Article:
Motor (System) Voltage

The more I learn, the more I revisit some basics and start asking questions…  it feels like questions I didn’t know enough to even ask, but I guess that’s how you learn.  Anyway, I’m starting a dirt bike project, and I have a nice little 48V motor, and started wondering if maybe I should plan around a 48V system instead of the 72V I’ve worked with in the past bikes.  This led me to ask, why not?

The answer, (no surprise) is about balance.

Everything starts with Watts (or horsepower, or however you want to describe “work done”).  Let’s say you want to go a certain speed…  you need a predictable amount of power to do that.  Remember, Watts = Amps x Volts.  I promise this is going to be Math that even I understand, so don’t worry.  Just pulling some numbers out of my hat, let’s say we need 20kw to go 70mph.

At 72V, you’d need around 278A to get 20kw.  20,000 (W) = 72 (V) x 277.77 (A)  Since my system, and most systems, can dish maybe 450A before getting melty, then I’m in my safe zone.  My motor, too, is probably happy.

At 48V I need a lot more.  Pulling 20kw from 48V needs 417A or so.  36V is even worse, at a little over 550A.

Not only is my controller going to have to be overly beefy, but everything else is too, especially my brushes and other parts of my motor.  Can you do it?  With the right gearing, I think so.  But is it a good idea?  Nope.  If I want an ultimate goal of 70mph, I’m going to have to live with 20kw.  To get there in a good, balanced way, I want to run higher voltage…  not just because of what I thought before – higher voltage gives you higher RPM – but because it gives you a better balanced system, and all the parts are going to play nice.


One response to “Motor (System) Voltage

  1. Some good points Ted. Turns out, the controller and motor for a 48V system doesn’t have to be that much beefier. You’ll notice that different manufacturers make controllers in the same size package at different voltages (e.g., Alltrax 4865 vs 7245). The lower voltage controllers are usually higher current. By the ratings, it’s not an even trade off…the higher voltage controller has an easier time making more power. But in your example above, you could substitute a 4865 for a 7245 and probably be OK.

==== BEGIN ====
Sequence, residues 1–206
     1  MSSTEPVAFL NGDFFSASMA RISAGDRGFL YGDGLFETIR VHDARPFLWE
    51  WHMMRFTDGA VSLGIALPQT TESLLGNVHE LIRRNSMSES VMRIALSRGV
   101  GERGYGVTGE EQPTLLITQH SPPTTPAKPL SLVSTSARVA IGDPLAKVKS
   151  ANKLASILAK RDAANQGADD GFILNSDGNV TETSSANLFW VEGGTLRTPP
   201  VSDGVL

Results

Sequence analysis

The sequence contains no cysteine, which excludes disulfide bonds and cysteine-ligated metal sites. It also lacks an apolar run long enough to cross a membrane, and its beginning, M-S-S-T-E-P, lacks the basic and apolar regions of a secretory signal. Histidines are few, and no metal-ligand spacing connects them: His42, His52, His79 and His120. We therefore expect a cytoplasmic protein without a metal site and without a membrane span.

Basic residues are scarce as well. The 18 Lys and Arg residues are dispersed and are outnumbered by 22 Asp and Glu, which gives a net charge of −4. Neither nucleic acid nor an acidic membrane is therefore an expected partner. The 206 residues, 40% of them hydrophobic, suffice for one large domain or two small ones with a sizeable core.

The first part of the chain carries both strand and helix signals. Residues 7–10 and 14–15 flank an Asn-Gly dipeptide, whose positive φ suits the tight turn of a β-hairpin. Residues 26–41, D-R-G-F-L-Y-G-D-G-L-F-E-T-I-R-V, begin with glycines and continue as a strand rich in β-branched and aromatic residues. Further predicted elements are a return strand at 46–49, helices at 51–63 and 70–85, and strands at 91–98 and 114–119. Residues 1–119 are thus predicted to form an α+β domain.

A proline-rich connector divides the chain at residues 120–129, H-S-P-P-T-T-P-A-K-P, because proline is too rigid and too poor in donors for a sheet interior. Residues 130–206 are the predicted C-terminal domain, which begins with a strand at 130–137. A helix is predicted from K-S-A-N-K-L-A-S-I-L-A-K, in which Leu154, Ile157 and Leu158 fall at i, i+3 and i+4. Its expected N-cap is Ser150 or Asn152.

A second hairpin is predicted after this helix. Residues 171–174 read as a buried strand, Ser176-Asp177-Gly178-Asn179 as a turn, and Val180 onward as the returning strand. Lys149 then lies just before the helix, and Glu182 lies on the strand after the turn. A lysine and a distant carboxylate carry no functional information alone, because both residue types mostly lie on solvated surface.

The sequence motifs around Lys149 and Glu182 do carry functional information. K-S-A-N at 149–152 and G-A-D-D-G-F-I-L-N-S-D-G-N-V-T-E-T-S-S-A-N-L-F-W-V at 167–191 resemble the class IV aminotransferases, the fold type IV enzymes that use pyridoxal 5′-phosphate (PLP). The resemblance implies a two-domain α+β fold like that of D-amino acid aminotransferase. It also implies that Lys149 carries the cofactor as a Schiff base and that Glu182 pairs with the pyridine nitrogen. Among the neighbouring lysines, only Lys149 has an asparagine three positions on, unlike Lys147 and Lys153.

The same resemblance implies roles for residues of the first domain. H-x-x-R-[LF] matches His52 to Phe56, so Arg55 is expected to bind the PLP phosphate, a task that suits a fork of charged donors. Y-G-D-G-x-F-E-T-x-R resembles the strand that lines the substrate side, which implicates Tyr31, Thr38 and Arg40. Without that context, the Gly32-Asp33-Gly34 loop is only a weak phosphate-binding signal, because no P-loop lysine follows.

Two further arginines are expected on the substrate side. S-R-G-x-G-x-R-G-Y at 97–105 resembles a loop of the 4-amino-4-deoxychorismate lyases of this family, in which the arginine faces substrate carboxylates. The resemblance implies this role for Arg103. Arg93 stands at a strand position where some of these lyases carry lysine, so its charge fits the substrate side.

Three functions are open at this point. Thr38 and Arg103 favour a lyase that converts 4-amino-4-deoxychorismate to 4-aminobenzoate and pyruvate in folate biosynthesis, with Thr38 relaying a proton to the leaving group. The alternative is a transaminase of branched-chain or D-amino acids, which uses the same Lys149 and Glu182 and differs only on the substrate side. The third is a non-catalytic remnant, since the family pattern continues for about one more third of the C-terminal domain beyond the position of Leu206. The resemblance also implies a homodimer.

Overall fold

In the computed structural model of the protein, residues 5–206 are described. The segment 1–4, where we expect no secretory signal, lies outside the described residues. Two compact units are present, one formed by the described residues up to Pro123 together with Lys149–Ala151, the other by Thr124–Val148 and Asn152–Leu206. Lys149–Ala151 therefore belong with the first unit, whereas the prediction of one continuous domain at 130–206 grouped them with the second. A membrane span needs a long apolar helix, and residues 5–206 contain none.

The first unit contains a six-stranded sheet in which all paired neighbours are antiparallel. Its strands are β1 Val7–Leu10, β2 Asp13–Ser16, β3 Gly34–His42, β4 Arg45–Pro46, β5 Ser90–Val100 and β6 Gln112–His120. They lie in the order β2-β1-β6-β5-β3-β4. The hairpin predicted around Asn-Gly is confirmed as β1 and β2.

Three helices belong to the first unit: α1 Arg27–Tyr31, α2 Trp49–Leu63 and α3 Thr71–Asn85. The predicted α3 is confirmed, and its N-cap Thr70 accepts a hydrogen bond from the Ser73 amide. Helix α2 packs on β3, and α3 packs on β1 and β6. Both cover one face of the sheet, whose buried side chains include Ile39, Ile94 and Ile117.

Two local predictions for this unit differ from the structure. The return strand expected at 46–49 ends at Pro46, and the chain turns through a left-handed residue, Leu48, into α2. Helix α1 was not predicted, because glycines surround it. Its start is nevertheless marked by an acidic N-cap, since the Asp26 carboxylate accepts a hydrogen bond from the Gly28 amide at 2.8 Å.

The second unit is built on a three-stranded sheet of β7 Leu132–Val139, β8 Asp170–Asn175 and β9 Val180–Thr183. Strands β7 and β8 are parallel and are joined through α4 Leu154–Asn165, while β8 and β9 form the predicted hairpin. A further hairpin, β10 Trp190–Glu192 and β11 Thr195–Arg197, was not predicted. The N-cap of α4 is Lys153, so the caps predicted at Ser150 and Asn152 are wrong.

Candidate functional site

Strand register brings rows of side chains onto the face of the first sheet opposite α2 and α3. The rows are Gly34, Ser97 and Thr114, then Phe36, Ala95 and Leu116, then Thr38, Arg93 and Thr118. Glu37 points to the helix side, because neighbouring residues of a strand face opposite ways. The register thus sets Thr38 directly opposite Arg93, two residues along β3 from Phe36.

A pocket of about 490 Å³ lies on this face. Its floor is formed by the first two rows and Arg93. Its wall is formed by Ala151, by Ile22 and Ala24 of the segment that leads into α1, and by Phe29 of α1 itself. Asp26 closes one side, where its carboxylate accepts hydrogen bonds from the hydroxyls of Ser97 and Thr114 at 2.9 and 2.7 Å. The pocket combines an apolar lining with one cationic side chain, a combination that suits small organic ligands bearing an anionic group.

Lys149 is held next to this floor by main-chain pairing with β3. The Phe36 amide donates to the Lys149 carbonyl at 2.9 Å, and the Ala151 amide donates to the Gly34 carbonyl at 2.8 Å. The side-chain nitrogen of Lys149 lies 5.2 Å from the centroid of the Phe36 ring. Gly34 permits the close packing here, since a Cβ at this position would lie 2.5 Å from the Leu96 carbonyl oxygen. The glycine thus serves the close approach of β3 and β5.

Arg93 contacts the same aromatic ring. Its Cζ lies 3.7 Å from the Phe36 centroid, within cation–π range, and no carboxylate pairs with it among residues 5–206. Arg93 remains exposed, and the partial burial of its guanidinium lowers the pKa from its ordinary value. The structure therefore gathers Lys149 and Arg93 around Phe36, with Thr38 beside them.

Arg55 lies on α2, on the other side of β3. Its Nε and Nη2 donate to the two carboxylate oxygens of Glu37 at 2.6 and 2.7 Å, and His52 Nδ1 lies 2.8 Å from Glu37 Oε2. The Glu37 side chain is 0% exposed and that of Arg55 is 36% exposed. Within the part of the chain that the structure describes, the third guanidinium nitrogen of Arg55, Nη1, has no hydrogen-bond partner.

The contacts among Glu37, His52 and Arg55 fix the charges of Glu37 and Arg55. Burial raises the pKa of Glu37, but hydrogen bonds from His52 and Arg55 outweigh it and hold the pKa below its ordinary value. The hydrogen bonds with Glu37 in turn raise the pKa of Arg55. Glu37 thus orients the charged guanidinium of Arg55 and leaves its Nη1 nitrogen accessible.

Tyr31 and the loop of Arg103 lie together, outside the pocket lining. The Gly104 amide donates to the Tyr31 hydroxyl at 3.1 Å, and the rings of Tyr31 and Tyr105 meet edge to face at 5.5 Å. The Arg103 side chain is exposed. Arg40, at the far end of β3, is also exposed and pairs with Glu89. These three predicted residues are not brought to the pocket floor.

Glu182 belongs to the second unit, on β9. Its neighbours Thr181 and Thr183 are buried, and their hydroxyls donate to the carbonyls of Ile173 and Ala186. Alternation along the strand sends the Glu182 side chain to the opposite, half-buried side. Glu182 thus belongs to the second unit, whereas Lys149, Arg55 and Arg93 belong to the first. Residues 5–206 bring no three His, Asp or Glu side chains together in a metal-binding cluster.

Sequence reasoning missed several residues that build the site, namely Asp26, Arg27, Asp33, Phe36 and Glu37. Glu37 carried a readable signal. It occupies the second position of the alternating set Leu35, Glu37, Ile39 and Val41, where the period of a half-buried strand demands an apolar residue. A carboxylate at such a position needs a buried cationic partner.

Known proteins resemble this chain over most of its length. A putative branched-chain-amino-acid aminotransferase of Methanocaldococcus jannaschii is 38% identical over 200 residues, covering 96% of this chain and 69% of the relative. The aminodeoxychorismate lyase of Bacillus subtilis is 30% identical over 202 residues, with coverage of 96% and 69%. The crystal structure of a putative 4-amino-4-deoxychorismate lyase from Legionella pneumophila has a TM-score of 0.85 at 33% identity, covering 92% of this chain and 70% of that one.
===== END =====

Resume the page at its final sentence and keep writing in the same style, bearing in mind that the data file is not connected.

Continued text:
Motors should be similar. Lower voltage motors have fewer turns of thicker wire to make the same RPM. That means less resistance, so less heat produced. Whether it ends up a wash depends on the particular motor (I can’t find any good side-by-side comparisons in the specs out there, unfortunately).

    And the same goes for batteries. A 48V battery will have to put out 417A vs a 72V battery at 277A. BUT! You can use a larger Ah 48V battery and it will be stressed about the same as the 72V battery for the same power. In fact, larger Ah batteries tend to be more efficient on space, so a 48V 90Ah pack might end up being smaller and lighter than a 72V, 60Ah pack. (For both packs, the current required for 20 kW is about 4.6C).

    Anyway, in theory, you should be able to build either a 48V or 72V system with the same power output that is well balanced. In practice, with components in the real world, 72V systems seem to be capable of more power without melting.


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